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When the Paris France Temple is dedicated on May 21st, it will have marked forty years in the making—the same time as Moses and the Children of Israel wandered in the wilderness—and that is not lost on the French Latter-day Saints who have been hoping for a temple all of this time.

This temple dedication is no small thing, but, instead, a tremendous feat of patience and long work over decades. Those of us lay members who enjoy the bounties and fruits of having temples in our midst have little idea what skill, work, faith and finesse is required to bring a temple about from church leaders on the front lines. We do not see the miracles that quietly unfold to bring a temple to a people.

For anything less important or worthy, it would have been easy for the leaders to be worn down long ago. So the dedication this Sunday of this temple, a short walk from the famous palace of Versailles, is something of a triumph of devotion and steadfastness in the face of long odds.

Yet, of course, since prophets prophesied it, the odds weren’t long at all. But, oh, the work.

It was Aug, 1, 1976 when President Spencer W. Kimball first alluded to the building of a temple in France. Then on June 4, 1998, during a European tour, President Gordon B. Hinckley met with 2,400 members from the area and said, “When I came here after the war, there were so few members of the Church, and now there are 30,000 of you. I don’t want to build up your hopes, but the time has come when you deserve to have a temple among you, and we’ll look for a place to build one. I don’t know how long it will take to find a suitable site.

“I invite every one of you, my brethren and sisters, to plead with the Lord individually in your prayers to lead us to a property in this great city, or its environs, where we can build a house of the Lord so that you won’t have to travel five hours to Frankfurt or six hours to Zollikofen.”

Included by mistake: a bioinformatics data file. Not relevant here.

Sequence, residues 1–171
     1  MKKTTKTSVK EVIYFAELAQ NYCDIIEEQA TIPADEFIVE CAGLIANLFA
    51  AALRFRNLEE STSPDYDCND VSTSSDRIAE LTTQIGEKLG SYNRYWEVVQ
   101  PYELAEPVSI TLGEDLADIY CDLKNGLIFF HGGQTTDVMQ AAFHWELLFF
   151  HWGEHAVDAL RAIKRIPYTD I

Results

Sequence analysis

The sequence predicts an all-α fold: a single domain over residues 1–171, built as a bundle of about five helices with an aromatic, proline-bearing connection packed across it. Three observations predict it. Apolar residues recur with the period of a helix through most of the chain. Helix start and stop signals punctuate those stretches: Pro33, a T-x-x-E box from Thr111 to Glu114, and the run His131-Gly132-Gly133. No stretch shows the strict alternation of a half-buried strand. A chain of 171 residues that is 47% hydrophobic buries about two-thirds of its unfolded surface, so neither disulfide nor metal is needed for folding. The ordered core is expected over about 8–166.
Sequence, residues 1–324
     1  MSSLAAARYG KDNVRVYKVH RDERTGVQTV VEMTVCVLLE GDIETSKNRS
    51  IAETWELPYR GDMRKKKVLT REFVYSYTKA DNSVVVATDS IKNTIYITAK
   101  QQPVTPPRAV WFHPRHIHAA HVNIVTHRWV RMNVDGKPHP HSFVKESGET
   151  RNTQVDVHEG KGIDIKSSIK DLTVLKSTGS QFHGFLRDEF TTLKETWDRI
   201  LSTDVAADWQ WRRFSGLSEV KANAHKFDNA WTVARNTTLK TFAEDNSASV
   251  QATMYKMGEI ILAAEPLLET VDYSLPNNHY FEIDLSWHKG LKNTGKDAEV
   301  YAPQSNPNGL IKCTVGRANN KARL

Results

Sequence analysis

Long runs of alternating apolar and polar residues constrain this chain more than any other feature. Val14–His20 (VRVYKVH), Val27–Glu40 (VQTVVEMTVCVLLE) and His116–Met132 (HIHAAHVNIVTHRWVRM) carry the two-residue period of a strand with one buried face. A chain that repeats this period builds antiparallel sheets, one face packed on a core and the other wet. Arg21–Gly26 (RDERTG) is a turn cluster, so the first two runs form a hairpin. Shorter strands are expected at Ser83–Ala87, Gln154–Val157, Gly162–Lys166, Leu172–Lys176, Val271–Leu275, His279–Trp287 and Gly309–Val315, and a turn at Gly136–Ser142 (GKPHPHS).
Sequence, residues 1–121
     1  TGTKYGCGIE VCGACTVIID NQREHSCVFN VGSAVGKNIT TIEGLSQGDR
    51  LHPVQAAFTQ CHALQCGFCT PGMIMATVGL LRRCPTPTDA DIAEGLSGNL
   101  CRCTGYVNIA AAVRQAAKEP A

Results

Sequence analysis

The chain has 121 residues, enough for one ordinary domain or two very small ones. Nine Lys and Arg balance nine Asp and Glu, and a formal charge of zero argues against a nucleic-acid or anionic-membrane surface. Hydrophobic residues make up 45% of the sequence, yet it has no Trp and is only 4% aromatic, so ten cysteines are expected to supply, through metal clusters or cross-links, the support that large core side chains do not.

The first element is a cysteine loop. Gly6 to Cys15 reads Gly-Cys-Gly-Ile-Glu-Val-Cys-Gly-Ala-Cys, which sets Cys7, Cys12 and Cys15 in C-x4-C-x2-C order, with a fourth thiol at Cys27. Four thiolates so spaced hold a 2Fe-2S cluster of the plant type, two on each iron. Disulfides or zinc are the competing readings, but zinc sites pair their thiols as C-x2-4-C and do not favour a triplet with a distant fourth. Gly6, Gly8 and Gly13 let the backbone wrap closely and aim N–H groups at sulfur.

Time passed while people wondered about the Paris Temple. Then, in May 2004, President Hinckley met with members again and, referring to the upcoming dedication of the Manhattan New York Temple, he said, “I wish I could announce that we could have a temple here, but we do not have a suitable place yet, in my judgment, to build it. And so, we will continue to look. I don’t know when it will be built, but I am confident that we will have a temple for the French-speaking people of the Church sometime in the future.”

He went on, “You are worthy of every blessing which this Church has to offer. And there is no blessing greater than the blessing which this Church has to offer.”

Hopes were high again by the April 2006 General Conference when the French media disclosed the Church’s interest in purchasing a huge tract of land outside Versailles—about one-third of the small city of Villepreux—reportedly for a temple.

The owners of this property said there were three interested parties—an Arab emirate, a Russian, and the Mormons. The mayor of Villepreux said he preferred the Mormons. “Never has there been any concern about public order with church members,” he said.

No temple announcement was made, however, and in the end, the Church did not succeed in acquiring the property.

Finally on October 1, 2011 in the opening session of General Conference, President Thomas S. Monson said, “We’re moving forward on our plans for a temple to be built in Paris, France.” What sounded like another wonderful announcement actually had acres of effort behind it.

Elder Matthieu Bennasar, Area Authority Seventy in France, said, “It would be a dire under statement to say people have been excited about the temple. People like our parents have been praying about having a temple in France ever since we were toddlers. I remember sitting at the table as I was growing up talking about the day when a temple would come to our country. [He is 42.]

“We can see why it took so long from many angles—the technicality of finding a suitable piece of land, working our way to having the support of the mayors and leaders in the community.

“But I think this long wait has also prepared the French members of the Church in the same way that the Israelites were tried and prepared by one generation in crossing the wilderness and coming to the promised land. During that time members have been strengthened, faith has been built, spirituality has grown. We have members who are now regularly driving ten hours to go to the temple. This wait has built a strong foundation of temple worshipers who are prepared to serve in the temple.”